Winners of 3D Creative Fashion Design International Competition
3D fashion designs for the coronavirus era and the time after
|Copy URL / Share SNS||
The 3D design technology is brewing change in the world of fashion. In the 3D Creative Design international competition held from May 18th to August 31th, 2020, the four winners from Hanyang University showed their leading adaptation to such change in the fashion design paradigm, realizing their designs using the latest 3D technology.
For the two rounds of the 3D Creative Design competition, the contestants had to submit two designs: the first was designed to suit the age of coronavirus, and the second was designed to use sustainable materials and to prepare for the post-coronavirus era. The evaluation was divided into student and public categories, with a total of 10 awards given to the best designs. 455 contestants from 35 different countries joined the contest.
Grand Prize: Kim Ma-ro
Kim Ma-ro (Department of Clothing and Textiles, 4th year) won the Grand Prize in the student category of the competition. He says he first got to know about the competition in the class Virtual Fashion Content Development, finding interest in 3D designs. Given that their first assignment in the contest was to design suitable clothing for the era of coronavirus, Kim says he made his first piece after being inspired by the medic protestors demonstrating against the police.
For the second assignment, Kim designed his piece with semi-transparent textile, implicating that people will be more cautious to protect themselves in the post-coronavirus era. When asked about how he thinks he won the grand prize, Kim says he focused a lot on “whether the design can be actualized” and “whether it follows the current trend.” Kim especially thanked the professor for introducing the workings of the CLO Virtual Fashion Program and the hosts of the contest for continuing with the competition despite the pandemic.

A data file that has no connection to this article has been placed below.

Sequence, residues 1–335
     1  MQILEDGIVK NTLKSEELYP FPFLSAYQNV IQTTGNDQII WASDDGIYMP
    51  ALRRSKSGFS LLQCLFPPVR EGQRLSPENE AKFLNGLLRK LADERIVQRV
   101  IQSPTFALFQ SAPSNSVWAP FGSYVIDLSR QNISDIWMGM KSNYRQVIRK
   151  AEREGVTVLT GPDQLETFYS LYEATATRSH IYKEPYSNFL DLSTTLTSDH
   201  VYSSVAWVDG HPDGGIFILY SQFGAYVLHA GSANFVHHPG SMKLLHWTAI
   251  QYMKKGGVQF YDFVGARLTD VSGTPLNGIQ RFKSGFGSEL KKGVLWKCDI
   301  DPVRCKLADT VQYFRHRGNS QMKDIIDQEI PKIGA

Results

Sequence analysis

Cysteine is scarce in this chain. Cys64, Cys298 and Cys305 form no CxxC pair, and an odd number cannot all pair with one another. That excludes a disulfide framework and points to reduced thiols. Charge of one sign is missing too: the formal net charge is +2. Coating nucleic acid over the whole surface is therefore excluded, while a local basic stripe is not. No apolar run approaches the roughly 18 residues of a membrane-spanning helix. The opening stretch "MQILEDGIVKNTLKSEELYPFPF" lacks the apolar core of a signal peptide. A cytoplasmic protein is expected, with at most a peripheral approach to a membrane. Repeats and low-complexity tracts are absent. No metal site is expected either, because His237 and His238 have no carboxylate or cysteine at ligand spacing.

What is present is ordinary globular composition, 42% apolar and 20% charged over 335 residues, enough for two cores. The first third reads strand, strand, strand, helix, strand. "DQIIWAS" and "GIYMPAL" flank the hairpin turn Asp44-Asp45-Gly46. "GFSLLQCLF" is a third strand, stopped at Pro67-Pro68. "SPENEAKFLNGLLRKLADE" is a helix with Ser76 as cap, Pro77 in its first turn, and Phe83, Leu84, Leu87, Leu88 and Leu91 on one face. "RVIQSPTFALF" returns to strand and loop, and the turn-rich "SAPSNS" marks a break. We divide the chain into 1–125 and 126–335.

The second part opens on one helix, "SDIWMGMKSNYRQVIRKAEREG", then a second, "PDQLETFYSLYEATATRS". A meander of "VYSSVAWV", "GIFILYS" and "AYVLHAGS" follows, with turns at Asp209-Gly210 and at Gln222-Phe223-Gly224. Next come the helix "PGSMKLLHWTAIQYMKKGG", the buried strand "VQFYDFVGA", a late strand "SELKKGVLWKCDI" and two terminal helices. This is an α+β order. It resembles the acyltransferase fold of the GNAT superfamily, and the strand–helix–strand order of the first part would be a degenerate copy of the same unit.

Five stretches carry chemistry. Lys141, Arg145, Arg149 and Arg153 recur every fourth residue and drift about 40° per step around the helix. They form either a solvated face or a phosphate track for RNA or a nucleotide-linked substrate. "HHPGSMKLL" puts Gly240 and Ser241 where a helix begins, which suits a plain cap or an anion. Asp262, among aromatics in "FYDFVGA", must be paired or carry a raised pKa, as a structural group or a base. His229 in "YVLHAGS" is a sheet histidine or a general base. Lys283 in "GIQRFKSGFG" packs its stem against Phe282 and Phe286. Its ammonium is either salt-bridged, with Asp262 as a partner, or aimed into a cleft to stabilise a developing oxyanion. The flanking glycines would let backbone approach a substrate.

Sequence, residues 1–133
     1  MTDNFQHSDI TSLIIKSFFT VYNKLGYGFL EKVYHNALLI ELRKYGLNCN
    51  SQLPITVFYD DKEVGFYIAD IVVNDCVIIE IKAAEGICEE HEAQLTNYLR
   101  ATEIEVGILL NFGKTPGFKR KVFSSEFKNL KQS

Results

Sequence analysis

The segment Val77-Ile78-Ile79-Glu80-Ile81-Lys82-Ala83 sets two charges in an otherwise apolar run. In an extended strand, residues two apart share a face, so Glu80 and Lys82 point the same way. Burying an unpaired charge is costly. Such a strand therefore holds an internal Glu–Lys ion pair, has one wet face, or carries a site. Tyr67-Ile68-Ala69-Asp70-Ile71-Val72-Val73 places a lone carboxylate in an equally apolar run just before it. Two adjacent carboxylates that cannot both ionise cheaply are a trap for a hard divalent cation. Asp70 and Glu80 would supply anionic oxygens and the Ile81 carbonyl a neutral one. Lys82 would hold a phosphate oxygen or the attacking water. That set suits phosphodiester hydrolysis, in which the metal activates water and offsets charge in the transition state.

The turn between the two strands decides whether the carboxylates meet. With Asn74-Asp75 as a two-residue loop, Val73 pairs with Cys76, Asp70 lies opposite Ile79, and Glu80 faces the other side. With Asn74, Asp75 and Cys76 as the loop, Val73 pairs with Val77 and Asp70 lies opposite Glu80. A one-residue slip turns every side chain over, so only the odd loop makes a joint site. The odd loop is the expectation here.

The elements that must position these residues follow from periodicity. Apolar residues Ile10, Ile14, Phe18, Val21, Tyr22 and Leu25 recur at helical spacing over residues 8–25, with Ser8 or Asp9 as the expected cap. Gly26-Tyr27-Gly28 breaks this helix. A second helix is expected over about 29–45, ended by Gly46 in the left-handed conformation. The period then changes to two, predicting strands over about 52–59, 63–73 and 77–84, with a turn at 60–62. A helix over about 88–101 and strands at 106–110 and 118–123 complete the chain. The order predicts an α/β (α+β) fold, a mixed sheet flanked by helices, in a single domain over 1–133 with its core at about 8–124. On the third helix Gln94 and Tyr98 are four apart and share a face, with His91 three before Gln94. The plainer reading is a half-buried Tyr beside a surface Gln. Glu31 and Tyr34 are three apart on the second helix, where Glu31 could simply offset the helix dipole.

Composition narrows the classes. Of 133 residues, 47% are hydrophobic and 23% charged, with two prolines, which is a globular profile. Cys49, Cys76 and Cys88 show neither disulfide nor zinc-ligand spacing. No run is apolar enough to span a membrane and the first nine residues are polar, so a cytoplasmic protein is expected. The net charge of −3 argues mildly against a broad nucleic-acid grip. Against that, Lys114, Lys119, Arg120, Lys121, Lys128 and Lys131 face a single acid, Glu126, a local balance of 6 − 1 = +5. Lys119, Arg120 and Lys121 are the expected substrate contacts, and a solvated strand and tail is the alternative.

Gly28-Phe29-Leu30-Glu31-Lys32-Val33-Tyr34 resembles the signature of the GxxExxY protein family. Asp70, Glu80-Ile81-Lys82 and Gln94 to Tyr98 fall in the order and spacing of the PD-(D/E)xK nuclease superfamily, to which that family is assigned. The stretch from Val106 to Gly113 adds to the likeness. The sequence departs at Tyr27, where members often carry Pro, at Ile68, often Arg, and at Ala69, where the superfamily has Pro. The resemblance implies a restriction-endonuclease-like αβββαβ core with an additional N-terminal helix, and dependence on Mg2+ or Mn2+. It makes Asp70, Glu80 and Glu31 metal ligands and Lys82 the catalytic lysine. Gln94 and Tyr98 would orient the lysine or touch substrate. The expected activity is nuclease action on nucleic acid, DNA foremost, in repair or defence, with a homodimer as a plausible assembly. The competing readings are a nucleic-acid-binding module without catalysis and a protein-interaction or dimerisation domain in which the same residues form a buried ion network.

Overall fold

Design Award: Won Hyun-A
Won Hyun-A (M.S in Department of Clothing and Textiles) said her interest in the contest also came from the same class as Kim. Having been interested in textiles during her undergraduate years, Won entered the contest with her first design which resembled the protective gears that medics wore.
Her second design expressed her belief that during the post-corona era, awareness for protecting the environment would increase. Therefore, she used the clothing waste collection, such as leather made from pineapple instead of animal skin. Won said she also focused a lot on whether the design was achievable, and whether the clothes would sell in the real market. “I also would like to thank the program developers who allowed the 3D design to take a further step in the world of fashion," said Won.
KTTA President of Association Award: Han Min-jae
Han Min-jae's (D.S in Department of Clothing and Textiles) first interest in fashion came from her father who introduced her to the field and the Department of Clothing & Textiles. Her final piece for the contest was inspired by her desire to popularize the hanbok, the traditional Korean dress. Han used traditional textile, patterns, and knitting designs, but she presented them in a contemporary way with modern alterations such as combining the outfit with a mask made from the hanbok material. The overall pattern for her design was inspired by Holly McQuillan’s zero waste fashion, and the removable patterns allowed different ways of styling as to be suitable for daily routines. "I thought my design was well suited with the final topic of the contest of building ‘sustainable material’ because I view traditions as being sustainable, having withstood centuries," explained Han.
Popularity Award: Chen Tian-yi
Chen Tian-yi (M.S in Department of Clothing & Textiles, ’18), an exchange student from China, said he started to study fashion for the first time after he came to Hanyang University. His first design was also inspired from the protective gears that medics wore. Chen said he wanted to make the protective gears fashionable, so that even ordinary citizens could wear it every day. The second design was inspired by the textiles he found in clothing donation boxes, using a denim and check-patterned design to connote that clothing can be recycled and be fashionable at the same time. Receiving the Popularity Award, for which only two entries of the entire contest were selected, Chen thanked everyone who had voted for his design and congratulated his colleagues on winning the honorable awards.
Lee Yoon-seo email@example.com
This week's top news
Kimchi, Korea’s Historical and Conventional Icon
Korean Traditional Colors
[Researcher of the Month] Reducing Fine Dust From GDI Engines
[Researcher of the Month] Effective Use of Photocatalysts to Combat Environmental Problems
[Researcher of the Month] How ‘Fit' Are You With Your Boss?
[Excellent R&D] Building a System for Urban Ecosystems
[Researcher of the Month] Customizing Breast Cancer Treatment through Big Data
Contrast between Korean and English
[Excellent R&D] Standing at the Center of Cutting-Edge Technology
[Excellent R&D] How Data Science Connects with Society